Documentary portrait of the winter 2013/14 Ukrainian demonstrations in Kiev against the pro-Moscow presidency of Viktor Yanukovych and for a greater integration with Europe.
Martha (Elizabeth Olsen) has returned home after a two year absence. As she remembers why, we see her recent life in an abusive self-sufficient community from which she hopes she has now escaped.
The movie that will be remembered as the break-out performance of Elizabeth Olsen (sister to the currently better known Olsen twins) and also the arrival of director Sean Durkin as an exciting new talent, Martha Marcy May Marlene is nowhere near as twee or quirky as its indie singer-songwriter title would suggest.
Standing or falling, and in this case standing, by its lead performance, the film sticks close to Martha and her emotional journey. It's a journey that led her to reject conventional society and her family in favour of a backwoods commune, where she is re-named Marcy May by the vaguely Messianic leader Patrick (a highly effective performance from John Hawkes).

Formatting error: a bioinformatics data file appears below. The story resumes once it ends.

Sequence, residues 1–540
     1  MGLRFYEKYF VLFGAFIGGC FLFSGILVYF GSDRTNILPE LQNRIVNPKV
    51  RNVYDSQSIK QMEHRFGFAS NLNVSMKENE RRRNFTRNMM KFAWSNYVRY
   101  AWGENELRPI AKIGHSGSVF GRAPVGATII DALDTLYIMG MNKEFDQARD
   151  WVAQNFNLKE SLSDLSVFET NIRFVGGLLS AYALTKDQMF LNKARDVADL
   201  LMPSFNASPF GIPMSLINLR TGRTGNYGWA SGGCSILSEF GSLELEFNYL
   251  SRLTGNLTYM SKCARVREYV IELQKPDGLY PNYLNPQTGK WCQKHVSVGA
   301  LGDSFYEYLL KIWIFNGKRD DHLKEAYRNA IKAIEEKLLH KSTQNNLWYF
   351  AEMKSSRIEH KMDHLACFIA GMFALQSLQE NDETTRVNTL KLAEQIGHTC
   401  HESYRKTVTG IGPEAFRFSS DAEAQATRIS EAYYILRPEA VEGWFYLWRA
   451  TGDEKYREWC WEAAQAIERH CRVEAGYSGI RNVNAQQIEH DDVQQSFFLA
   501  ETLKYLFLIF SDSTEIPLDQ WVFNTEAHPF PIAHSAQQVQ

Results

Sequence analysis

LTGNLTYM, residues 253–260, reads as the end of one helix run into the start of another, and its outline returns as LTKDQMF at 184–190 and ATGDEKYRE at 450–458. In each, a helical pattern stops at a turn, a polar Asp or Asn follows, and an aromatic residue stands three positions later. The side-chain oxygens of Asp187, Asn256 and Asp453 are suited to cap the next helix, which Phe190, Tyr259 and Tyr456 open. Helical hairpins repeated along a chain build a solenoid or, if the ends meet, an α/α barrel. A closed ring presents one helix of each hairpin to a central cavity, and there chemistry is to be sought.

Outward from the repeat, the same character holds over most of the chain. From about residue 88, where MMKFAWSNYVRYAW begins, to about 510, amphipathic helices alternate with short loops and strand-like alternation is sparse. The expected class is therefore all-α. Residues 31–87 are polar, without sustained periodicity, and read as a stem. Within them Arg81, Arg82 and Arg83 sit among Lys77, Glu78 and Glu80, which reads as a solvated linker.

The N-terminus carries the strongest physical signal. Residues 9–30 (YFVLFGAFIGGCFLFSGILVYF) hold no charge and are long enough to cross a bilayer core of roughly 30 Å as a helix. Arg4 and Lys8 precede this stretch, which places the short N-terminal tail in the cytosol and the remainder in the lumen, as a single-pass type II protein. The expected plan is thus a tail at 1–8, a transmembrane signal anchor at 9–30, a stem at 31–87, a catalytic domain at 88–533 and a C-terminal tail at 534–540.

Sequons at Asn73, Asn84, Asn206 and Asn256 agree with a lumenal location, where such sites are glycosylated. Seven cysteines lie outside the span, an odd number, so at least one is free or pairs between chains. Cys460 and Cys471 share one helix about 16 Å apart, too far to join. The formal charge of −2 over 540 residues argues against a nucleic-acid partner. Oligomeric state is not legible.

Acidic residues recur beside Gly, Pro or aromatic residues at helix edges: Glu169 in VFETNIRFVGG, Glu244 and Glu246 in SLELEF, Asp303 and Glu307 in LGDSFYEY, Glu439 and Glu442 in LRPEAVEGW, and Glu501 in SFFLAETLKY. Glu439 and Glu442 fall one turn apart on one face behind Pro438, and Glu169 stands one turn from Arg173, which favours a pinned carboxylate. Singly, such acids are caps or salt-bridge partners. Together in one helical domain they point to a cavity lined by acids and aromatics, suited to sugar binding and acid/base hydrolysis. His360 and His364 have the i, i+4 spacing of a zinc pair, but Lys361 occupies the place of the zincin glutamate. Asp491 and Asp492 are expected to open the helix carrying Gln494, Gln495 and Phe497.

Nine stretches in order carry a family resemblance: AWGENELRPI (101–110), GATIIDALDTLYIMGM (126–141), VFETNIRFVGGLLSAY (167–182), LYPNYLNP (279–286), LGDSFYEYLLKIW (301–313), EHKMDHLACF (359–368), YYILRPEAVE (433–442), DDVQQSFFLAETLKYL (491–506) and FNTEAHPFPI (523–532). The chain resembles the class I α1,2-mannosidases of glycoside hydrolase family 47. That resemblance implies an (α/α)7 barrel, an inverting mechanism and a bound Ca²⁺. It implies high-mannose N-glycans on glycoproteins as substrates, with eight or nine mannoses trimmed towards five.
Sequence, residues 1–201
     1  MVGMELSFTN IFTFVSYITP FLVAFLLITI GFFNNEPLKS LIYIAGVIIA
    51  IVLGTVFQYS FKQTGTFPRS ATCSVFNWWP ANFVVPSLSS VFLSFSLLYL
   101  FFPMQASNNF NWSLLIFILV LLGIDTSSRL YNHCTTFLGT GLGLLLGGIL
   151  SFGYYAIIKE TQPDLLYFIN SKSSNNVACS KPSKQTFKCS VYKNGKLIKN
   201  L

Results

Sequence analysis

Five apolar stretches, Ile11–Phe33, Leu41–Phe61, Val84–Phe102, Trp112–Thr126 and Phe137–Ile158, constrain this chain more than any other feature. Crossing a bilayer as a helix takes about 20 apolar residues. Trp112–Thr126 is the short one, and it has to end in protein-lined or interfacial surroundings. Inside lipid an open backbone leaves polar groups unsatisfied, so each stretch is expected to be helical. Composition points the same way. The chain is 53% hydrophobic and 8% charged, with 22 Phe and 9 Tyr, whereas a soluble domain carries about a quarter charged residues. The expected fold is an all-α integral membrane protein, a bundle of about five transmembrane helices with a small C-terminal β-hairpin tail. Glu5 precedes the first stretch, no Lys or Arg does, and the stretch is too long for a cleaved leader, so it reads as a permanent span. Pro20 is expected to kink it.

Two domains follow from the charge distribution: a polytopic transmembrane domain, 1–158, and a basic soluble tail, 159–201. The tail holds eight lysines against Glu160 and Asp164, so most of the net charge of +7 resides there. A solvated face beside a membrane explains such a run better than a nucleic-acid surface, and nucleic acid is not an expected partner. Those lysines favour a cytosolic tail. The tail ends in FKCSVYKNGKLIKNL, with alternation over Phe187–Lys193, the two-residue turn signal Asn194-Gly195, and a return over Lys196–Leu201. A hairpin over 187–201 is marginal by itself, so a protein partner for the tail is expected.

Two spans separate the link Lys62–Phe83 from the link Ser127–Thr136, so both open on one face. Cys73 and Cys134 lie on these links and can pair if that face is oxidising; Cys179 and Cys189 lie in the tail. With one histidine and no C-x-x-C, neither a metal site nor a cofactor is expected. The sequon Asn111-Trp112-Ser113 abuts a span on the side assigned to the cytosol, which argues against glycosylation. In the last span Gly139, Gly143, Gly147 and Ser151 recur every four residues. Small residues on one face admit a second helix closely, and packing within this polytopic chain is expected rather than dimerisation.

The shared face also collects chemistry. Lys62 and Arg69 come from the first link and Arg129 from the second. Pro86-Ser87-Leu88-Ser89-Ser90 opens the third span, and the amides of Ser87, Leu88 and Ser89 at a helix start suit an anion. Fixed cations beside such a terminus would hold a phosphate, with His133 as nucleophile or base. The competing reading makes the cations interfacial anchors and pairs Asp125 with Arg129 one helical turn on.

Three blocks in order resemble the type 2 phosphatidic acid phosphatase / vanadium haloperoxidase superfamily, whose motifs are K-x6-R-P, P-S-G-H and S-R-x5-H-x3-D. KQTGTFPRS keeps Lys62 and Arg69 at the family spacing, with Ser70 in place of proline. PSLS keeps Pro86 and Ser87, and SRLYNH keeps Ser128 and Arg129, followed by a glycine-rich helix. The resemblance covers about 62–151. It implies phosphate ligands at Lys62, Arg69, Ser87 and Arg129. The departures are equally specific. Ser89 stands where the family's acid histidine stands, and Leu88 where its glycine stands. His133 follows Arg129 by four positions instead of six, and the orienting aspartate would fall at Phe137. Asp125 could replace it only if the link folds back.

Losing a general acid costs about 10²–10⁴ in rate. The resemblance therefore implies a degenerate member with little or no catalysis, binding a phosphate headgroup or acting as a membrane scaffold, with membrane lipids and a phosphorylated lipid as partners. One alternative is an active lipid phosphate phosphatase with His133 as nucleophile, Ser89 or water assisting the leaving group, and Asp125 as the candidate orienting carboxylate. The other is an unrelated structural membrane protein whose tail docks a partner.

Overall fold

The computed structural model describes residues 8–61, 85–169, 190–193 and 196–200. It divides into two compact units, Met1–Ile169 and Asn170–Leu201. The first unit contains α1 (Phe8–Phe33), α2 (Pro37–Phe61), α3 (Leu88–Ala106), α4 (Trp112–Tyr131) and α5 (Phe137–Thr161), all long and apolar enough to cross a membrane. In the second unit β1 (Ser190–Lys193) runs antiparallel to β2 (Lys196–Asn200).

The film is at pains not to preach about cults or those who find themselves enmeshed in such dynamics; it's more of an exploration or impression of the emotional state of someone who has recently taken the decision to reject those dynamics. Lest this sound rather hazy or washed out, it's important to note the control Durkin maintains over his material: he knows where the film is going, respects its limits and polices the borders. What happens to Martha after the events of the film is not in scope; this is a fixed period in her life, brilliantly realised.
In a nutshell: Neither the thriller the trailer suggests, not the feminine, visual poem suggested by the poster, this is a film about loss of self that is absolutely clear about its own identity: a tightly-framed window overlooking the effect on one woman of renouncing the structures defining her life.
By Catherine Bray
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